“Bite-Size Bits of Local, National, and Global History”
“Bite-Size Bits of Local, National, and Global History”

Stickleyville in Lee County, Virginia — The American South (Mid-Atlantic)

Fanny Dickenson Scott Johnson

Fanny Dickenson Scott Johnson Marker image. Click for full size.
By Craig Swain, September 5, 2010
1. Fanny Dickenson Scott Johnson Marker
Inscription.  In this valley in June 1785, Fanny Dickenson Scott's husband, Archibald Scott, their four children and a young male member of the nearby Ball family were killed by members of four different Indian tribes. The rest of the Ball family escaped, but Fanny Scott was taken prisoner. She later was able to flee her captors. After evading Indians and enduring many hardships, she reached the New Garden settlement in present day Russell County by 11 August. Newspapers as far as away as Philadelphia reported her ordeal. She later married Thomas Johnson for whom Johnson County, Tennessee is named. She died in May 1796 in Russell County.
Erected 2000 by Department of Historic Resources. (Marker Number K-5.)
Topics. This historical marker is listed in these topic lists: Native AmericansSettlements & Settlers.
Location. 36° 42.526′ N, 82° 54.519′ W. Marker is in Stickleyville, Virginia, in Lee County. Marker is at the intersection of Daniel Boone Trail (U.S. 58) and County Route 702, on the right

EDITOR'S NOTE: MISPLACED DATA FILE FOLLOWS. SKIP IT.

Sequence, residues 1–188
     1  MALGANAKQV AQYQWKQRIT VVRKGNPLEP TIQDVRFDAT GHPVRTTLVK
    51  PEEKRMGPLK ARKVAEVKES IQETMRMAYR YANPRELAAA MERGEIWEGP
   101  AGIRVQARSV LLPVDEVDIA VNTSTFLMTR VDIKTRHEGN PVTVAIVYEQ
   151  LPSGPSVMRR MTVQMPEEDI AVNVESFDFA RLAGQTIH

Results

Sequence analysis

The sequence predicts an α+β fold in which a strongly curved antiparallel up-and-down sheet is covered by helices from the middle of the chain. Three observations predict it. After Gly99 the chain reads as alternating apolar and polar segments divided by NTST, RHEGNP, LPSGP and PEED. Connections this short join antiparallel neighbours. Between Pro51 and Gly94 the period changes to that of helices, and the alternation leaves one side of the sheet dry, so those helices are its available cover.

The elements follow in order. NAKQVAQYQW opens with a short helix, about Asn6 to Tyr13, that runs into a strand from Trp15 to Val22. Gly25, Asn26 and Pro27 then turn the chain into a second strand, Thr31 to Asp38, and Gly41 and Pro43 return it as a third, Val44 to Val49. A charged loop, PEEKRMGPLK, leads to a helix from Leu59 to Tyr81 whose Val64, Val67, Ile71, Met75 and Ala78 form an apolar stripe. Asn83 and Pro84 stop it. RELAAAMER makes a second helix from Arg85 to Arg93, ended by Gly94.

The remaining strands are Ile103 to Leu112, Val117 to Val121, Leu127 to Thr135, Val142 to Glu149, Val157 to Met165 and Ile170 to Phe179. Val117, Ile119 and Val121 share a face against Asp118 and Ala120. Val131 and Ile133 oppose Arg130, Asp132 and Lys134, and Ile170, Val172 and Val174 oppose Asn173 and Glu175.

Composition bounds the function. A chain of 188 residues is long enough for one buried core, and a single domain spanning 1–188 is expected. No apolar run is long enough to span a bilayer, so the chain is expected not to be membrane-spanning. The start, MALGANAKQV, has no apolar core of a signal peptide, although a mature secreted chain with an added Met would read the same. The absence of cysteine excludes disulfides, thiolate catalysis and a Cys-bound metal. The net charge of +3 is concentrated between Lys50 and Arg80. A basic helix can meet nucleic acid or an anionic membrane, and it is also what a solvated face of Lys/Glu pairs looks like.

Markers at Stickleyville image. Click for full size.
By Craig Swain
2. Markers at Stickleyville
when traveling east on Daniel Boone Trail. Touch for map. Marker is in this post office area: Duffield VA 24244, United States of America. Touch for directions.
Other nearby markers. At least 8 other markers are within 9 miles of this marker, measured as the crow flies. Death of Boone's Son (a few steps from this marker); Scott County / Lee County (approx. 1.9 miles away); Members of Congress (approx. 7.3 miles away); Pennington Gap (approx. 7.4 miles away); Seminary United Methodist Church (approx. 8.2 miles away); Turkey Cove (approx. 8.2 miles away); Carter’s Fort (approx. 8.7 miles away); a different marker also named Carter’s Fort (approx. 8.7 miles away).
More about this marker. This marker replaced an older one numbered K-5 titled Indian Massacre which read:
In this valley, in June 1785, Indians led by the notorious half breed, Benge, massacred the family of Archibald Scott, killing the father and five children and taking the mother into captivity. She later escaped.
Also see . . .  Massacre of the Archibald Scott Family. An account of the massacre. (Submitted on September 20, 2010, by Craig Swain of Leesburg, Virginia.) 
Credits. This page was last revised on June 16, 2016. It was originally submitted on September 20, 2010, by Craig Swain of Leesburg, Virginia. This page has been viewed 1,174 times since then and 33 times this year. Photos:   1, 2. submitted on September 20, 2010, by Craig Swain of Leesburg, Virginia.
Paid Advertisement
Jul. 8, 2020